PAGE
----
More than one in five (22%) small and medium-sized enterprises (SMEs) that needed external finance and/or capital over the last couple of years were unable to access it. Indeed, over a quarter (27%) have had to stop or pause an area of their business because of a lack of finance. This is according to new research commissioned by Manx Financial Group – a financial services group which includes, amongst other operating subsidiaries, Conister Bank, Conister Finance & Leasing and Blue Star Business Solutions.
The research showed that the biggest barriers faced by SMEs in sourcing external finance/and or capital were that it was too expensive (23%), the process took too long (19%) and there was a lack of flexibility with repayment terms (17%). SMEs also cited other barriers such as the fact that the lender didn’t understand their business (16%) and that they received poor customer care (10%).
The research also revealed that SMEs have been forced to pause or stop activities such as expanding into new markets, hiring the right personnel and marketing, because of a lack of financing. Manufacturing, finance and accounting, retail and it and telecoms were the sectors that were affected the most because of a lack of external finance and/or capital.
Over the next 12 months, nearly two in five (38%) SMEs believe sales will be the biggest area of business that will see growth followed by recruitment (19%), new product development (18%) and new market expansion (17%).
The research also highlighted that a third (34%) of SMEs are concerned that their business will not grow in the next 12 months. However, with appropriate external finance, SMEs on average believe their business could grow by around 17%.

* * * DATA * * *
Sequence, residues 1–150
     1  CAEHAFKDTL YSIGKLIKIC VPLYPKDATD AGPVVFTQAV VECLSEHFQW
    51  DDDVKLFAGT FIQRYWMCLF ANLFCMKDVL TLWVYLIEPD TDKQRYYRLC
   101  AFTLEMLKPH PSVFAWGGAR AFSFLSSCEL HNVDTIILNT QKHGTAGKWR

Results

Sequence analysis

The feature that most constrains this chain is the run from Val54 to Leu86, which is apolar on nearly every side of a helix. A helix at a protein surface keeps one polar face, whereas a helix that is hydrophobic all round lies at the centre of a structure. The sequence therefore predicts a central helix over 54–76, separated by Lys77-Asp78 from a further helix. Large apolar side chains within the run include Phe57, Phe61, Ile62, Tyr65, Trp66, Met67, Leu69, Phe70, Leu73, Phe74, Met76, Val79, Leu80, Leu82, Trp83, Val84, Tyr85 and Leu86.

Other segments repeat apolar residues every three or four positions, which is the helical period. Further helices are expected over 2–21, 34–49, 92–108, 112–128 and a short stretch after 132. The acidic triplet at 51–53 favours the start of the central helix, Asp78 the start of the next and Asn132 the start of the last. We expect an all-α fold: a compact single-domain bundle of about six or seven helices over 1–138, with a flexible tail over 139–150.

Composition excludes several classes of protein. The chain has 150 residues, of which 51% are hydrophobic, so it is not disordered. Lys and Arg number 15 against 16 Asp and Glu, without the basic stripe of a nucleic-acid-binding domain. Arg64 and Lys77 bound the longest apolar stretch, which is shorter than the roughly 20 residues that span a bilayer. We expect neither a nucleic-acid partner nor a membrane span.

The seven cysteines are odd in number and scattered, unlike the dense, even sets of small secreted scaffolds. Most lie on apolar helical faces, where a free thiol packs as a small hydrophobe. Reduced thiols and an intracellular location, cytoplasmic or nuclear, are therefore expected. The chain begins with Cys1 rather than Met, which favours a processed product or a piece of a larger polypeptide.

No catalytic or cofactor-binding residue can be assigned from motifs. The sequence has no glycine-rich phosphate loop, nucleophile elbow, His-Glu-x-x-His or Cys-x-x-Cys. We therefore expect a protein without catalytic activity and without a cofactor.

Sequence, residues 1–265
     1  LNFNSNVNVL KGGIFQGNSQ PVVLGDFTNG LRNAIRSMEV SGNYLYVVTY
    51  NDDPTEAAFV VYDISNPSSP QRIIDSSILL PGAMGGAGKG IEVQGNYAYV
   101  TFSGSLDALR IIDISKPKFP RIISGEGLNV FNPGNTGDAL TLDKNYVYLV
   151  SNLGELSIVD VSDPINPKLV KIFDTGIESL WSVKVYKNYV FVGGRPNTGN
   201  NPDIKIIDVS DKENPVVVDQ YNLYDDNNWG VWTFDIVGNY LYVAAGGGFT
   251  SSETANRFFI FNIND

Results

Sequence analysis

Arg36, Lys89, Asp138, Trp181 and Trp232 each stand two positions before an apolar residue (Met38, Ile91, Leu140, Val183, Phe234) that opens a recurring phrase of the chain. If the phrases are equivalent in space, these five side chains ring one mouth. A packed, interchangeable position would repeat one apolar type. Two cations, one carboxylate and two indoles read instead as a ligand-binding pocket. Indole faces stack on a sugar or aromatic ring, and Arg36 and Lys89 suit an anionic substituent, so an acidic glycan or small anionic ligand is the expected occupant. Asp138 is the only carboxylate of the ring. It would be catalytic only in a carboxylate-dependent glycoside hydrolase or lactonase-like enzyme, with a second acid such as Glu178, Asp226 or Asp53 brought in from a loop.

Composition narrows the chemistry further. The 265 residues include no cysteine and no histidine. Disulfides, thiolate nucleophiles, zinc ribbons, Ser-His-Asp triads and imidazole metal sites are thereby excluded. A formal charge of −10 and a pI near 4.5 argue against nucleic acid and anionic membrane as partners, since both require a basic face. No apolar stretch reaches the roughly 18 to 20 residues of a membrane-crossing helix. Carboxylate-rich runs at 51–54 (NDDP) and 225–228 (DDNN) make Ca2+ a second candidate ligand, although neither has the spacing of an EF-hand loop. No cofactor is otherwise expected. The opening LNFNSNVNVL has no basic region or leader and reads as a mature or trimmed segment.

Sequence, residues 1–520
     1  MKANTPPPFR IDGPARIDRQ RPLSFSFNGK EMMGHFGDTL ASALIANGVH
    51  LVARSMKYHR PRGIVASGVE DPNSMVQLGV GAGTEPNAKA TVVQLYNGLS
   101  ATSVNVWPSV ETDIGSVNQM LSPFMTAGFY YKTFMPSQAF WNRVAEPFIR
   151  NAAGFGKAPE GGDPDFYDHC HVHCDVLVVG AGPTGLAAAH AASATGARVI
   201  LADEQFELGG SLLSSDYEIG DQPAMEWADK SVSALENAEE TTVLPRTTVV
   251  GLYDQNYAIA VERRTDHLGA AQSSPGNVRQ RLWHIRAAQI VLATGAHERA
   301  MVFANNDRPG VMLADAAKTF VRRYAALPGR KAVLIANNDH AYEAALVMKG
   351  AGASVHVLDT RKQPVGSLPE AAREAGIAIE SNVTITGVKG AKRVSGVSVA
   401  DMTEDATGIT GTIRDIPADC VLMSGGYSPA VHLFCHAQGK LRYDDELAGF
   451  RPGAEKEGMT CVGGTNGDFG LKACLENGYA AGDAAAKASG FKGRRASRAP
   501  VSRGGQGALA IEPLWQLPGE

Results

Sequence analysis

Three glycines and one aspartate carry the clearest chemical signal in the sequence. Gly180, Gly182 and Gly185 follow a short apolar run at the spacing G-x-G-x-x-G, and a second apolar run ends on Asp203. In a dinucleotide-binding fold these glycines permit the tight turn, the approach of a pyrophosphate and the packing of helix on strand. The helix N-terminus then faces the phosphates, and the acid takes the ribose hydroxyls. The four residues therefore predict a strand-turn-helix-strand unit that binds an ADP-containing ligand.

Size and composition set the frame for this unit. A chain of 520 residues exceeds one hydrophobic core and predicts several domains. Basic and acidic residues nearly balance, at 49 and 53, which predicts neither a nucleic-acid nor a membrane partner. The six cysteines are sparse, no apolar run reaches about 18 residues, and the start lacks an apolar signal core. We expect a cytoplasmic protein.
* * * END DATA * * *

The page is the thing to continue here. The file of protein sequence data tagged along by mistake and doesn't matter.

“The research sadly reveals what we have been observing for some time – that SMEs continue to struggle with accessing finance and that worryingly, this lack of availability will cost them and the UK economy in terms of growth at a time when it is needed the most,” said Douglas Grant, CEO of Manx Financial Group PLC. “The amount of growth that is being sacrificed is however significant and will require new solutions which are designed to address this funding gap.”
Some sectors of the economy are recovering more rapidly than others. For those still struggling sectors, they require additional government intervention, but for the remainder, no further government intervention is necessary.
“We were delighted to have been accredited for the RLS last year,” added Grant. “The programme provided the necessary catalyst that many sectors required to thrive. However, this lifeline is now gone and demand for working capital is set to soar to new highs as more businesses desperately require liquidity provisions to counteract record inflation levels, rising interest rates, supply chain issues, increases in wages and additional pandemic-induced headwinds. With the cost of borrowing set to increase, many SMEs are facing their own cost of living crisis.Click below to share this article